Studies of Disciplinary Discourse by UBC Vantage College Students

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Thank you for visiting this UBC Wiki site featuring reports on micro-research project written and conducted by first-year international UBC students at Vantage College. Read on for a brief introduction to this site, or jump directly to students' projects listed below.

This UBC Wiki Sandbox is a space in which student projects can be posted, read and collaboratively discussed within the Vantage and larger UBC community. This initiative is part of a wider effort of the Academic English Program at UBC Vantage College for academic language and writing instruction to position learners early in their apprenticeships as active participants and knowledge creators in the academic communities in which they circulate.

UBC Vantage College (VC) students are relatively well-positioned among first-year students to carry out these studies. While VC students are academically well-prepared, their status as users of English as an additional language implies a particular interest in the explicit understanding of how language use (i.e., discourse) shapes and is shaped by scholarship in general and, more specifically, by disciplinary sub-cultures.

An important part of the program is to outfit students with theoretical and methodological resources for analyzing and interpreting the kinds of pedagogical and disciplinary discourses they encounter daily in their studies, from research reports to textbooks, lectures and, of course, the students' own written and spoken texts. Students are thus sensitized to and informed of the links between language choices and disciplinary meaning-making practices. These resources are in turn applied by students in novel ways to explore aspects of scholarly discourse of interest to them. The projects posted here have typically emerged from students' coursework in the research-based academic writing courses (e.g., LLED200; LLED201; WRDS150; SCIE113) as well as the more specialized VANT140 courses, which provide language support for specific content courses (e.g., Psyc101: Introduction to Biological & Cognitive Psychology or APSC178: Electricity, Magnetism & Waves).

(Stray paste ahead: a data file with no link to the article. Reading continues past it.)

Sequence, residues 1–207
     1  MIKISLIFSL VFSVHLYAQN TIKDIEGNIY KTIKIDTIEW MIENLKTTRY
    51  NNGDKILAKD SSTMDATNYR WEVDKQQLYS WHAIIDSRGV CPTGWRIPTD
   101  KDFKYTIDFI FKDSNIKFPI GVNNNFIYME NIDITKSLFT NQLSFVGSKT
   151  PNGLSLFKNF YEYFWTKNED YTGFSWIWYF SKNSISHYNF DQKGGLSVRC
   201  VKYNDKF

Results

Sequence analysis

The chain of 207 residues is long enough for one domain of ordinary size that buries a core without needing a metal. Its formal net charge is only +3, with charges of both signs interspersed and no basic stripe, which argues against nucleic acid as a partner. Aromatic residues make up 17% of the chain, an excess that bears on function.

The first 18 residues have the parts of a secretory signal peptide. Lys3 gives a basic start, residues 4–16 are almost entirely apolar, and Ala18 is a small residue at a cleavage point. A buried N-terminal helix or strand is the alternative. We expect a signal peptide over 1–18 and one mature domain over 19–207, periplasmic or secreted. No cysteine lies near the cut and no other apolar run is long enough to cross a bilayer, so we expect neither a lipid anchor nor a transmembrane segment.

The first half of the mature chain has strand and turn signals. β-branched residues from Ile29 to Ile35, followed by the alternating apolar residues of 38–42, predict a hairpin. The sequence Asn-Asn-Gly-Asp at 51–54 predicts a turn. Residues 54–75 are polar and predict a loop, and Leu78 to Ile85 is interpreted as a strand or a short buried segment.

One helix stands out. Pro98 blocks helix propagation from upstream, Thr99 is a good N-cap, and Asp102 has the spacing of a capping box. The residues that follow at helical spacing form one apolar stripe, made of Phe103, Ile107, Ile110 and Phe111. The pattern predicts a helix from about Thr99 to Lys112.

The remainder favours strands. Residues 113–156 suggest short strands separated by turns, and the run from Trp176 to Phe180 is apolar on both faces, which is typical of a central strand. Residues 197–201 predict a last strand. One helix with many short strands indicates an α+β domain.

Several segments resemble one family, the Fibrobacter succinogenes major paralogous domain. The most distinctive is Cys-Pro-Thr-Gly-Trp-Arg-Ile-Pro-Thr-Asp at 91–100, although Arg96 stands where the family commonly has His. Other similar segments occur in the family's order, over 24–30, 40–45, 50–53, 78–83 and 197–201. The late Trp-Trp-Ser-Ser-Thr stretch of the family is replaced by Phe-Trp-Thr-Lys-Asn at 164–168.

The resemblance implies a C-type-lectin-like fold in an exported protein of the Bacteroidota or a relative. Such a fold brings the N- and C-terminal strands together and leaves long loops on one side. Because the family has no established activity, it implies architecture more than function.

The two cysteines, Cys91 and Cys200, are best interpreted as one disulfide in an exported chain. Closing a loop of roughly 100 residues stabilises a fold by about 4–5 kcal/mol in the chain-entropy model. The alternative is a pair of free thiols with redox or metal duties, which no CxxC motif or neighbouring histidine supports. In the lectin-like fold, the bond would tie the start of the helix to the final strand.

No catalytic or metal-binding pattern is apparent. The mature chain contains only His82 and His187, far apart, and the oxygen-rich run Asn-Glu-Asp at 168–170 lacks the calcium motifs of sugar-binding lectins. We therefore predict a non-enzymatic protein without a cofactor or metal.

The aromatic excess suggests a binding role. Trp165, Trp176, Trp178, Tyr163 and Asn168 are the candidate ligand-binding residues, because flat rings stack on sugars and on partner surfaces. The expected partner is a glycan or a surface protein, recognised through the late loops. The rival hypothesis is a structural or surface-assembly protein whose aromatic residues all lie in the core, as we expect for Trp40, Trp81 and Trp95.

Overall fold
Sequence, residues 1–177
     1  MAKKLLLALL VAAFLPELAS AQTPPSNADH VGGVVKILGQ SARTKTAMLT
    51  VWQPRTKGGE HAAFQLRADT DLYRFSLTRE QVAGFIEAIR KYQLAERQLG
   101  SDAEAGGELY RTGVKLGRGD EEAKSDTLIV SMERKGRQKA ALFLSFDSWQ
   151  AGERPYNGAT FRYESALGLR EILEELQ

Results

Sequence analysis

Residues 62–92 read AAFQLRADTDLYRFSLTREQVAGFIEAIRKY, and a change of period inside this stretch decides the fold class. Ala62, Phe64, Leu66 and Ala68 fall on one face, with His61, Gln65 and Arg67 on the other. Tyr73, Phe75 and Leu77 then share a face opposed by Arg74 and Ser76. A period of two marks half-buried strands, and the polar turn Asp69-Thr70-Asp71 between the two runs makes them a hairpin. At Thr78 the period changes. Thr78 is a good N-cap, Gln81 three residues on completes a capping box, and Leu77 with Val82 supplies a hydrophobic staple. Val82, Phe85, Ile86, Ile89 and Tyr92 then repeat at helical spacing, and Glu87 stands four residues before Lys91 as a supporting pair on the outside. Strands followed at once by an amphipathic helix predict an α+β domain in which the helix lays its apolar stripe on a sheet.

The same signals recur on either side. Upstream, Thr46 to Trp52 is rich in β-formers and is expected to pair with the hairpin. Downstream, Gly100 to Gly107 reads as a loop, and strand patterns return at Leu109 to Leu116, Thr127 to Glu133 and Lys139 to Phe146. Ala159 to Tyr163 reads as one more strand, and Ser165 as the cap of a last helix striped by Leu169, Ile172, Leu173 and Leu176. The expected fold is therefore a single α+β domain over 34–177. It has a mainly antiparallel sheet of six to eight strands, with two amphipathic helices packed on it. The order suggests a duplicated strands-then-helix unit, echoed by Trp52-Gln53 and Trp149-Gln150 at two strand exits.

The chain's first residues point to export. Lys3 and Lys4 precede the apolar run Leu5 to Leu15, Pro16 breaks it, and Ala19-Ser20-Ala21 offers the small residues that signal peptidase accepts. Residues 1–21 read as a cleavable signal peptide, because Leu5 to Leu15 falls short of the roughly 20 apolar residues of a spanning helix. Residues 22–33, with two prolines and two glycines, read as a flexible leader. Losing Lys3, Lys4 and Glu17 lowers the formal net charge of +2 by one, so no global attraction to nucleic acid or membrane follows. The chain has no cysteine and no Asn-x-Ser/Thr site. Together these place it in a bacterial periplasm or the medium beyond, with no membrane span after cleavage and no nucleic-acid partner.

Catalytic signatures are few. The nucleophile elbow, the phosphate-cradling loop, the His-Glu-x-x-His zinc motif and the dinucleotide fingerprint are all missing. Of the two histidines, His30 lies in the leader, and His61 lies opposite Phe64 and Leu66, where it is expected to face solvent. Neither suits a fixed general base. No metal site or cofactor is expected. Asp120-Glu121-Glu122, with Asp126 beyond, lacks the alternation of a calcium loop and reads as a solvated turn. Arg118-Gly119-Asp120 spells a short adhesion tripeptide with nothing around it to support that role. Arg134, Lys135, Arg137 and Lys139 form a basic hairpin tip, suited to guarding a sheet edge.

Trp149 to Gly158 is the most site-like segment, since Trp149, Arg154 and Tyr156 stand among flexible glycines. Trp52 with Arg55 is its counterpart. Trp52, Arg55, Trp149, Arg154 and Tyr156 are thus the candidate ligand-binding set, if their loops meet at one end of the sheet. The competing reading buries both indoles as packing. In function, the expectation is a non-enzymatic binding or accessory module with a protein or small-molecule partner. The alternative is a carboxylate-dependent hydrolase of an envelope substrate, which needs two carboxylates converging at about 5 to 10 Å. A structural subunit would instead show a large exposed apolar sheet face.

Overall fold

While the kick-start contributions are from Vantage students in the Science stream - with discourse studies of specific sub-fields and/or genres of Biology, Chemistry, and Computer Science - projects from students in the other Vantage streams of Arts, Management, and Applied Science are very welcome. Comments and discussion on these micro-studies of disciplinary discourse are invited and encouraged from across the Vantage College and UBC communities: please participate in this innovative initiative!

We hope that that you will appreciate the students' efforts and ambitions in these small-scale studies while gaining insight into the scholarly disciplines, genres, and registers analysed.